Review: Safe Haven (12A)

Author Nicholas Sparks is the king of slushy modern romance, tugging heartstrings with his emotionally wrought tales of love lost and found.

Safe Haven
Safe Haven

His books are a perfect fit for Hollywood and thus far, seven of his heart-tugging tomes have been adapted for the big screen, beginning in 1999 with Message In A Bottle starring Kevin Costner and Robin Wright. More recently, Ryan Gosling and Rachel McAdams set hearts aflutter in The Notebook.

Safe Haven adds a touch of suspense to the usual gooey mix, opening with a distraught wife, Erin Tierney (Julianne Hough), fleeing the scene of a crime – perhaps murder, perhaps self-defence.

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The terrified spouse seeks refuge with a kind neighbour, Mrs Feldman (Irene Ziegler).

She helps Erin to change her hair colour before the wife heads to the bus station with detective Kevin Tierney (David Lyons) in hot pursuit.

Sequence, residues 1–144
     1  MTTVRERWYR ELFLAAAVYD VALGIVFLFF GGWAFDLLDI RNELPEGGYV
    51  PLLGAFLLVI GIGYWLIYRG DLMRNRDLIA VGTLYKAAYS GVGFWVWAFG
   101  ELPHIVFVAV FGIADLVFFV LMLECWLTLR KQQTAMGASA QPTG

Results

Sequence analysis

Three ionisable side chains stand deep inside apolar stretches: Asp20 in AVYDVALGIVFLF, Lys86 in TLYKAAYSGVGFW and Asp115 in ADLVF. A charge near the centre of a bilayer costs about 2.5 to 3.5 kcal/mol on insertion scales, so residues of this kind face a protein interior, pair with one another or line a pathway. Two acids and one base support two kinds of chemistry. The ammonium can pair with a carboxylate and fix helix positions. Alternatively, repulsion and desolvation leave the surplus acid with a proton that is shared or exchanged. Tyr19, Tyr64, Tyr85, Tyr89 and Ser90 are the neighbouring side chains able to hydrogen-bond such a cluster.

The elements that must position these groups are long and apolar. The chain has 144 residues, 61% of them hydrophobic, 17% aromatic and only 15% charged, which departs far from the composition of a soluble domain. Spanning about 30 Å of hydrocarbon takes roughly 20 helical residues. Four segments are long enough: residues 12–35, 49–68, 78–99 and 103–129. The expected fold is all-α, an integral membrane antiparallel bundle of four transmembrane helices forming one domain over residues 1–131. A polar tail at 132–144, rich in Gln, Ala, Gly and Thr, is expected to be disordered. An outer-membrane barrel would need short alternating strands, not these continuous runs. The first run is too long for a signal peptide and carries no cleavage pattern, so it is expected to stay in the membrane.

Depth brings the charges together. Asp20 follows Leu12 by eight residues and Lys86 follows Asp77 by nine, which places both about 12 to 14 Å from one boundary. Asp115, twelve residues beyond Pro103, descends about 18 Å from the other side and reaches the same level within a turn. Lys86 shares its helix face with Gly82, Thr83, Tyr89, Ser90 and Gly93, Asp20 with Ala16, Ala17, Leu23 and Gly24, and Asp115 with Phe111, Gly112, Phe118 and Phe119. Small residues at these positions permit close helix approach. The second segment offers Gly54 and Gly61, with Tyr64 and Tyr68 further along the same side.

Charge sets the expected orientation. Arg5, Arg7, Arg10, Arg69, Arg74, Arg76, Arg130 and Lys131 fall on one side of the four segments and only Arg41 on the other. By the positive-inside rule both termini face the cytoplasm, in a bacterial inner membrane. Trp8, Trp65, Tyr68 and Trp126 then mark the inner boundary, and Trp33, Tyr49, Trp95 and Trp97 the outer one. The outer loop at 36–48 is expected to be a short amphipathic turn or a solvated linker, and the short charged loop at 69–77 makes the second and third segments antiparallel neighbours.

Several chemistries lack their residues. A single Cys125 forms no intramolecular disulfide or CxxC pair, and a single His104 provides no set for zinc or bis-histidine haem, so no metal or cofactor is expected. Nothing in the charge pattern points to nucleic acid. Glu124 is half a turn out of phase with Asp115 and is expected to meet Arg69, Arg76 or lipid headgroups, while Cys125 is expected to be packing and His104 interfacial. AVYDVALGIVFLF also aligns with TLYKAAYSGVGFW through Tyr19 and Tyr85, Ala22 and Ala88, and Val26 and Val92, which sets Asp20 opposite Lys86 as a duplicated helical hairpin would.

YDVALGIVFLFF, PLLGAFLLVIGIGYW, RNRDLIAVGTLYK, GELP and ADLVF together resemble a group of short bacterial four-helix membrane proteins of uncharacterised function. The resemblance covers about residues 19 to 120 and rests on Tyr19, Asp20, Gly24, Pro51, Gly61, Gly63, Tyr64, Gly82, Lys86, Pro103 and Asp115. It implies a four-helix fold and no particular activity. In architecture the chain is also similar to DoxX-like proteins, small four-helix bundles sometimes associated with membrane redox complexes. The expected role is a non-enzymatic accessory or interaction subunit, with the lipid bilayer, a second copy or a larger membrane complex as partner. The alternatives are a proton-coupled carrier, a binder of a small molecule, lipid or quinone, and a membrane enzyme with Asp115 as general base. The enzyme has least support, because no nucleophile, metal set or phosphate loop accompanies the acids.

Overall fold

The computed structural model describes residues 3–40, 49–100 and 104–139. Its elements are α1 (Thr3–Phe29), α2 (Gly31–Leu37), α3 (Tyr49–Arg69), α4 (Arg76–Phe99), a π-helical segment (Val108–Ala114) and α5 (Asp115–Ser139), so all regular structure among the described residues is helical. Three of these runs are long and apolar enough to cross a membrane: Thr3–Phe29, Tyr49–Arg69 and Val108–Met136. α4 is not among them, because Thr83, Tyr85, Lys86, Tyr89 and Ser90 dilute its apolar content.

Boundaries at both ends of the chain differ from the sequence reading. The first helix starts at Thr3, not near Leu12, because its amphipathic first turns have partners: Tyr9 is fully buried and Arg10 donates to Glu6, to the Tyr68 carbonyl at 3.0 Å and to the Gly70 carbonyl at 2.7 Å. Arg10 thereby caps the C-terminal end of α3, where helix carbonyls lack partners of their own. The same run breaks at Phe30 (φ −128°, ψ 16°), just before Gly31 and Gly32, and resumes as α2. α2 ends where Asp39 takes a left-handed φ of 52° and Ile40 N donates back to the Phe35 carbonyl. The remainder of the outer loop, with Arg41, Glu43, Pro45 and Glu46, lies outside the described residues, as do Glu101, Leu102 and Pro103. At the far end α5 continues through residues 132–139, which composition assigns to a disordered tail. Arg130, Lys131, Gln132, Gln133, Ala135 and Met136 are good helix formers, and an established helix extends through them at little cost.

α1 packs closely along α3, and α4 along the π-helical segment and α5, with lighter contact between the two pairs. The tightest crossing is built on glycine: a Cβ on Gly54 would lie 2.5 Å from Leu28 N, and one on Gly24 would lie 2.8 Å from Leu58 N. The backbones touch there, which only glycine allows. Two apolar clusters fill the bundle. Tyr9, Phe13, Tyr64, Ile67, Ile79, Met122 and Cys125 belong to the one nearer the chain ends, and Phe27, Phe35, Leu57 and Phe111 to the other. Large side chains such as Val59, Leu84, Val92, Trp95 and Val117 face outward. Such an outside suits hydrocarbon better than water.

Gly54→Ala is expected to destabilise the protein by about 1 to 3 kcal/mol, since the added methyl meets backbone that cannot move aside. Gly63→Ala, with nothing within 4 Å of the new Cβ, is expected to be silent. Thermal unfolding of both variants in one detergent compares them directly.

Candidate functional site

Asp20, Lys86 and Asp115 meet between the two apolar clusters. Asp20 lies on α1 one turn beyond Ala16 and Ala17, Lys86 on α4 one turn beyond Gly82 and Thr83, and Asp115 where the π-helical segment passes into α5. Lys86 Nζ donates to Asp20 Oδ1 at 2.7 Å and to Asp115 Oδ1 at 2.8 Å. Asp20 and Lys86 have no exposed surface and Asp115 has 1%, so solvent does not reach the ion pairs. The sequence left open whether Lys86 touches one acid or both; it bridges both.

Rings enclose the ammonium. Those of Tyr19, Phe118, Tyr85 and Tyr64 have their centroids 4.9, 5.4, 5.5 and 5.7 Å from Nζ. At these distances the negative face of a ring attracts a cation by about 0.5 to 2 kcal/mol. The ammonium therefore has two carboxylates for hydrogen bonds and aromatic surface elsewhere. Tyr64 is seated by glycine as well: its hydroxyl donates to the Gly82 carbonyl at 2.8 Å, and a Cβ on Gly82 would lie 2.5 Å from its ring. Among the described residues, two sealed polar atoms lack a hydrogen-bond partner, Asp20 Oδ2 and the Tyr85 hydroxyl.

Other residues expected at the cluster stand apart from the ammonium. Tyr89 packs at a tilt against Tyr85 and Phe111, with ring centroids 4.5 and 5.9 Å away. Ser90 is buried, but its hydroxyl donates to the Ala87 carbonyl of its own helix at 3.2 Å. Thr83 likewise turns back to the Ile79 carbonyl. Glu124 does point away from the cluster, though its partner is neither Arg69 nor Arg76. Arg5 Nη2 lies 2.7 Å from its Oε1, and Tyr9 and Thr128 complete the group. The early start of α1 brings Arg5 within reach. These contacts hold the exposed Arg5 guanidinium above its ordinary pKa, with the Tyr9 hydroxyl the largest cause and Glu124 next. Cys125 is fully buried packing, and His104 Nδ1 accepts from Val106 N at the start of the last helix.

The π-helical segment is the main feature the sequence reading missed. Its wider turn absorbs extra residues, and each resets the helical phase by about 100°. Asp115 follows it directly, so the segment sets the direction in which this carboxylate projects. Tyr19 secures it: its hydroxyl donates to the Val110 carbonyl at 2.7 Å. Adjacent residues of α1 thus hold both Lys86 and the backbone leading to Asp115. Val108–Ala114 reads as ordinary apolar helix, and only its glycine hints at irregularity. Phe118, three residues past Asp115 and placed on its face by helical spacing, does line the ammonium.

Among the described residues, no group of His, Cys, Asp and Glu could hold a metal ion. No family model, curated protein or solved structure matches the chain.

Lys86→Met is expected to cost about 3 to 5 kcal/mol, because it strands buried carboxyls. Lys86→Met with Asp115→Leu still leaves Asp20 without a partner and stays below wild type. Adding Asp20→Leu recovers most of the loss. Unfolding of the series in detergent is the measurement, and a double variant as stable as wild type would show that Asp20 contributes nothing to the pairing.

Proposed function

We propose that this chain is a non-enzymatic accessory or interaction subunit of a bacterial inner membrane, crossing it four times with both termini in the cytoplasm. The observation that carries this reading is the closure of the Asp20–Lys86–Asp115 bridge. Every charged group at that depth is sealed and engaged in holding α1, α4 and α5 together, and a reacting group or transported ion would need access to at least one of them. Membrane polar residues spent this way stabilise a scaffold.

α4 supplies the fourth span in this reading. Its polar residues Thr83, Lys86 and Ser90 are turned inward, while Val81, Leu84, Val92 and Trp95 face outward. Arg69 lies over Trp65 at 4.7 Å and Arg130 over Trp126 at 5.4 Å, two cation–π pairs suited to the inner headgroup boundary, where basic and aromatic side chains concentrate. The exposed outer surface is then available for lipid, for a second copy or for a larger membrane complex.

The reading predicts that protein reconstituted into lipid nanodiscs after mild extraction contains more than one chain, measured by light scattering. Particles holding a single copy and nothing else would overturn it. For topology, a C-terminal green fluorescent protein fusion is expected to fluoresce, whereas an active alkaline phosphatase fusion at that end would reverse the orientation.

In one of the film’s best scenes, Erin boards a bus bounds for Atlanta and narrowly avoids capture.

She travels far away from her troubled past and hopes to throw the cops off her scent by alighting early in the quaint fishing community of Southport, North Carolina.

In this picture-postcard 
idyll, Erin rechristens herself Katie Feldman and lands a job as a waitress at the local seafood restaurant.

Unfortunately, Tierney won’t rest until he has found Erin, and against the advice of his superiors, he bends the law to search for clues to her whereabouts.

Drawing obvious comparisons with the 1991 Julia Roberts pot-boiler Sleeping With The Enemy, Safe Haven is undemanding fluff that doesn’t stray once from a well-trodden narrative path.